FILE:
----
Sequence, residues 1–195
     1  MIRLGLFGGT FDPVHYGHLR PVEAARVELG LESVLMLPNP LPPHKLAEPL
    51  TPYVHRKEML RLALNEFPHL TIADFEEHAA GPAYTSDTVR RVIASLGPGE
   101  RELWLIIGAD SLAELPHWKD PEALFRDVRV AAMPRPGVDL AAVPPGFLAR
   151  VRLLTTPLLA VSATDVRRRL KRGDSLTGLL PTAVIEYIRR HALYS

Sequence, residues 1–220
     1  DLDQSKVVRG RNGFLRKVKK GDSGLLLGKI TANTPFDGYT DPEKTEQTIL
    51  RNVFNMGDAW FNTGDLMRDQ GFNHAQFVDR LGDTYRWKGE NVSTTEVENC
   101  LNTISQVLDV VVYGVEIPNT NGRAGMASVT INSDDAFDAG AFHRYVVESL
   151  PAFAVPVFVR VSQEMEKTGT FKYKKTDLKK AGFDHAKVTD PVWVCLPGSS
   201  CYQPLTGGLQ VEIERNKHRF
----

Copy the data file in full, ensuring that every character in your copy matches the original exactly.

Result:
Sequence, residues 1–195
     1  MIRLGLFGGT FDPVHYGHLR PVEAARVELG LESVLMLPNP LPPHKLAEPL
    51  TPYVHRKEML RLALNEFPHL TIADFEEHAA GPAYTSDTVR RVIASLGPGE
   101  RELWLIIGAD SLAELPHWKD PEALFRDVRV AAMPRPGVDL AAVPPGFLAR
   151  VRLLTTPLLA VSATDVRRRL KRGDSLTGLL PTAVIEYIRR HALYS

Sequence, residues 1–220
     1  DLDQSKVVRG RNGFLRKVKK GDSGLLLGKI TANTPFDGYT DPEKTEQTIL
    51  RNVFNMGDAW FNTGDLMRDQ GFNHAQFVDR LGDTYRWKGE NVSTTEVENC
   101  LNTISQVLDV VVYGVEIPNT NGRAGMASVT INSDDAFDAG AFHRYVVESL
   151  PAFAVPVFVR VSQEMEKTGT FKYKKTDLKK AGFDHAKVTD PVWVCLPGSS
   201  CYQPLTGGLQ VEIERNKHRF